New bill to replace statewide grade 11 test with SAT or ACT
(Calif.) Next year’s high school juniors would be allowed to take college admissions tests instead of the current statewide assessment under a bill announced Tuesday that aims to close gaps in college enrollment and reduce testing time.
AB 1951, authored by Assemblyman Patrick O’Donnell, D–Long Beach, would require the state superintendent of public instruction to approve a nationally recognized high school assessment–such as the SAT or ACT–that districts can administer to students instead of the grade 11 California Assessment of Student Performance and Progress.
According to O’Donnell, the bill will open doors to higher education for students by allowing school districts to offer college admissions tests during the school day at no cost to students. And it has already received support from a couple of districts including Sacramento City Unified and Long Beach Unified.
Nancy Albarrán, San Jose Unified School District superintendent, said the bill was a win for students and schools.
“AB 1951 will provide a reliable assessment of how our students are doing while providing a benefit to the students themselves,” Albarrán said in a statement. “It’s rare that a standardized assessment actually helps students. This bill does that.”
Researchers at the University of Connecticut reported last year that when states require all students to take the ACT or SAT and cover the cost of taking such tests, there is a modest boost in the number of low-income students who go on to college. Although the study focused on Michigan schools, nearly half of states currently cover the fee, which ranges from about $35 to $50, for all students to take standardized college entrance exams.
Education officials across the country have said that use of those test scores could motivate some kids to more seriously consider higher education as a viable option.
Indeed, the New York City Department of Education announced earlier this month that 61,800 high school juniors taking the SAT exam–a 51 percent increase from last year–after moving to allow students to take the test free of charge during the school day.
Additionally, a growing number of states are opting to cover the cost of college-prep entrance exams rather than issue standardized tests to assess high school juniors’ academic progress to meet federal accountability requirements, including Wisconsin, Michigan, Delaware, Maine Illinois, Connecticut and Kentucky.
O’Donnell’s bill would add California to the list.
Under AB 1951, the state superintendent would have to approve of a nationally recognized high school assessment and allow schools to administer it free of cost to 11th graders beginning with the 2019–20 school year. The test would be administered in lieu of the Smarter Balanced consortium summative assessment in English language arts and mathematics. The new test will have to be aligned to California’s academic content standards, a condition that officials said will probably be easy accomplished.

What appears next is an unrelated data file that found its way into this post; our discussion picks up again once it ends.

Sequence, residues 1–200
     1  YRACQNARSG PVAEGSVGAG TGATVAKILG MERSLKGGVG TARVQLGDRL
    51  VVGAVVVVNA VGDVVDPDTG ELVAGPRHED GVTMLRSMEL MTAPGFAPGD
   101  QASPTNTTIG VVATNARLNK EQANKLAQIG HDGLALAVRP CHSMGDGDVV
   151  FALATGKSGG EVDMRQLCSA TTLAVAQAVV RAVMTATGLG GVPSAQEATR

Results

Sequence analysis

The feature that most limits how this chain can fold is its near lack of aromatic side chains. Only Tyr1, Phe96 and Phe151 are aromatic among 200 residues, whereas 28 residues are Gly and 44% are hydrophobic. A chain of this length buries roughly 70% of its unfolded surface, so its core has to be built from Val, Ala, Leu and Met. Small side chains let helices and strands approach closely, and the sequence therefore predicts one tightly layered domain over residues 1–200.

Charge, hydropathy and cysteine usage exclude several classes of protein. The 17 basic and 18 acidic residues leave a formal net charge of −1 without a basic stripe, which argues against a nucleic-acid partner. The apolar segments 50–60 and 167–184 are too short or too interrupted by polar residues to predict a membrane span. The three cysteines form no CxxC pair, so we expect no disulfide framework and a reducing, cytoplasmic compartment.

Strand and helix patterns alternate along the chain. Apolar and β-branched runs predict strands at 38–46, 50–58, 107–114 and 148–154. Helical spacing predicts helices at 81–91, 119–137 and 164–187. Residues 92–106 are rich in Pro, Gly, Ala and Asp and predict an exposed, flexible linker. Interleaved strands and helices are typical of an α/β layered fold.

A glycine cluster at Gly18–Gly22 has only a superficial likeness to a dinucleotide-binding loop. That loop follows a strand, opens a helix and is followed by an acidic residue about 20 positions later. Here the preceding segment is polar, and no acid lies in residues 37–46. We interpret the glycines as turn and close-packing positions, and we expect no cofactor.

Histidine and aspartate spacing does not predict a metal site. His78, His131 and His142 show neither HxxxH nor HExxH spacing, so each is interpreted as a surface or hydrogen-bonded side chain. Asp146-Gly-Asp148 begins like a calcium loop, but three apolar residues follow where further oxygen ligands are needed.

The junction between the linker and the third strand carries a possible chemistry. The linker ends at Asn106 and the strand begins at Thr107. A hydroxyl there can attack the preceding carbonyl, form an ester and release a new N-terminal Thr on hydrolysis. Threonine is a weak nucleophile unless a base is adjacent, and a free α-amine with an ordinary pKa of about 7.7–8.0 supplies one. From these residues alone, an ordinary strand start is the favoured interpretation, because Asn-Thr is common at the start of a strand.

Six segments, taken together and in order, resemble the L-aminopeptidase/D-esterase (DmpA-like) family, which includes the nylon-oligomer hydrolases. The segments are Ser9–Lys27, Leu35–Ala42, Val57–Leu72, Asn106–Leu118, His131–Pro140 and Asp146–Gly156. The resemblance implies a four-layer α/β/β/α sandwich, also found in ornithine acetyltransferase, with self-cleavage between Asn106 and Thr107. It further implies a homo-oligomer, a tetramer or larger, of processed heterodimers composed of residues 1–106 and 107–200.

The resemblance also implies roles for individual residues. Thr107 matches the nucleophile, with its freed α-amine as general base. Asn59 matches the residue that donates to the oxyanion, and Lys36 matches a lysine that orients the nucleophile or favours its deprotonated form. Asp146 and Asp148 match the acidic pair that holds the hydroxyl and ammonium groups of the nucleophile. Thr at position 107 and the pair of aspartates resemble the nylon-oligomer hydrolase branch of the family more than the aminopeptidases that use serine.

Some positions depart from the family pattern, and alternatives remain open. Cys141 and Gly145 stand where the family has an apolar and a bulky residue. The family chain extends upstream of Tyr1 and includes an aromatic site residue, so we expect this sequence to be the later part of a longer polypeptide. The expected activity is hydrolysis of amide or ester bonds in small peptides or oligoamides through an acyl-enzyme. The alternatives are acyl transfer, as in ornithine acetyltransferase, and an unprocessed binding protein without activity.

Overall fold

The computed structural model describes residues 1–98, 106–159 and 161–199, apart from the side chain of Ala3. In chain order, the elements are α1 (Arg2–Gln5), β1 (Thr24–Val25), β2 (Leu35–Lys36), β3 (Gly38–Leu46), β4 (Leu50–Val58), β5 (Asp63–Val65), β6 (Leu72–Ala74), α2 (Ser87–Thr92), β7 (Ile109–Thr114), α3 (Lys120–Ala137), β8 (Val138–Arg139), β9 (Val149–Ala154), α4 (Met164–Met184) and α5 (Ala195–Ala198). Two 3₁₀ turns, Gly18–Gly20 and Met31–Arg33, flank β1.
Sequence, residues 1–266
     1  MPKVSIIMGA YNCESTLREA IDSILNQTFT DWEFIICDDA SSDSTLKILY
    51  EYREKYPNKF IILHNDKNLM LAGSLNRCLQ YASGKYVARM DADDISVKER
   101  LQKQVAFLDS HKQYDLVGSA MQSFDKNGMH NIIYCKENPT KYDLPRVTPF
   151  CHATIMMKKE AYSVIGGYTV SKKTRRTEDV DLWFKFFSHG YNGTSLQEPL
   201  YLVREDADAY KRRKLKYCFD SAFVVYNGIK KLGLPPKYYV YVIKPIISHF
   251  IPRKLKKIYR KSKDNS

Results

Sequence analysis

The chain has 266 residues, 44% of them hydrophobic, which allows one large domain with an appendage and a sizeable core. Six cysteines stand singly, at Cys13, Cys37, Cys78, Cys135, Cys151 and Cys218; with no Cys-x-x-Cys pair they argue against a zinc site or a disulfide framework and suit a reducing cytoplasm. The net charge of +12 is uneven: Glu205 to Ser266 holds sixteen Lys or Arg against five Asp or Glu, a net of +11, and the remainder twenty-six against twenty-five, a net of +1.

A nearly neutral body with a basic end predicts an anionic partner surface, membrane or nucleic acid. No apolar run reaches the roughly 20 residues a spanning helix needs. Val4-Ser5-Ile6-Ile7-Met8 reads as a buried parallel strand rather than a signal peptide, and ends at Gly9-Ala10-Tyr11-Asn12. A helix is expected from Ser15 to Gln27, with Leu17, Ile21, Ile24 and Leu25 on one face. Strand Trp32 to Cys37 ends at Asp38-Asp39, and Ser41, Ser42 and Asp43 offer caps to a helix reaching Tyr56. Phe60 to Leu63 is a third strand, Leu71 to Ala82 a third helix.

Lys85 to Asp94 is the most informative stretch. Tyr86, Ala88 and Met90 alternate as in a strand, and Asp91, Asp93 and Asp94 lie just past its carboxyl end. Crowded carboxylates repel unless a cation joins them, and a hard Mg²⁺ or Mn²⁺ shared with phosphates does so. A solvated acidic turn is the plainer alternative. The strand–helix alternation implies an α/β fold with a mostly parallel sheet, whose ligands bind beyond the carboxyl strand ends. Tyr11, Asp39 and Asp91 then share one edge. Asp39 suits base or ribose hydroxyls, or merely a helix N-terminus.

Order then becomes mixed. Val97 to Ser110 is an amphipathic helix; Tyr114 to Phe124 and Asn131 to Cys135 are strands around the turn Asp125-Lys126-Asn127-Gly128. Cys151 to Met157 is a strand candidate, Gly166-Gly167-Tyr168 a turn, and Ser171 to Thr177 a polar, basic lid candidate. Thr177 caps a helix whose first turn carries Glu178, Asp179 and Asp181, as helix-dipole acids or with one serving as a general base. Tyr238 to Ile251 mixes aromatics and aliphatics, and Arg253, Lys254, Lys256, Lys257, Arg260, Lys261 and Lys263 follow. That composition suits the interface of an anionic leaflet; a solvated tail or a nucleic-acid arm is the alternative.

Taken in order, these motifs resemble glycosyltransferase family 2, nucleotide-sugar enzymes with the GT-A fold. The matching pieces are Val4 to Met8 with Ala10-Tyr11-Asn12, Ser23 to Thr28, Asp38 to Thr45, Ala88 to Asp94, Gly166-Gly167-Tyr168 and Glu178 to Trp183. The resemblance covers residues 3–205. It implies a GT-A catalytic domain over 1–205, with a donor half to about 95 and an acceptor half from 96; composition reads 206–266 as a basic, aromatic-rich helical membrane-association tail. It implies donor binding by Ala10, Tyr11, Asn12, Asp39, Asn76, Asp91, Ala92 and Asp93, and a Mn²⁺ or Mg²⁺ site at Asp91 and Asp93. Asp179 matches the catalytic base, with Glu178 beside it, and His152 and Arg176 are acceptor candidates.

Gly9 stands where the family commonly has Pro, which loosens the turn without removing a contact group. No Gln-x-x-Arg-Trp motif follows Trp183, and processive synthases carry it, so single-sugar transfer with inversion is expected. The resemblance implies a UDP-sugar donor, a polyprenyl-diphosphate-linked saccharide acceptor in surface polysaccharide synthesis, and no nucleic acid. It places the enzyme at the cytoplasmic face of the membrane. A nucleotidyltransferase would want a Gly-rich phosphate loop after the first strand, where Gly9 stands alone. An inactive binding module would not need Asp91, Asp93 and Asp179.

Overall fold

And just as with the CAASPP exams, students with exceptional needs who take the approved exam must be provided with appropriate accommodations, or be administered the California Alternate Assessments, and English learners must be provided appropriate accommodations, including access to testing instruction in their primary language, bilingual glossaries and extended testing time.
No new money would be provided under the bill. Instead, districts would continue to receive the amount that they would have had they administered the CAASPP exams, or the actual cost of administering and scoring the alternative assessment–whichever costs less.
According to O’Donnell, the bill will remove obstacles for many students to attend college while also reducing testing time and providing teachers more time to bridge the gap in learning.
This isn’t the first time that O’Donnell has sought to reduce the role of the Smarter Balanced exams in California schools.
Last year he authored a bill that initially would have pulled the state out of the Smarter Balanced Assessment Consortium because architects of the test had failed to deliver teachers useable feedback from interim exams.
At the time, the interim tests meant to give teachers early insight into what material students are having trouble comprehending delivered only a single score on a broad block of content that might contain multiple standards. Teachers couldn’t even see actual student responses to specific test questions.
Once adjustments were made to the interim testing system that addressed those concerns, O’Donnell’s bill was watered down to simply require that the assessments be designed to provide timely feedback for teachers. That version was signed by the governor in October of last year.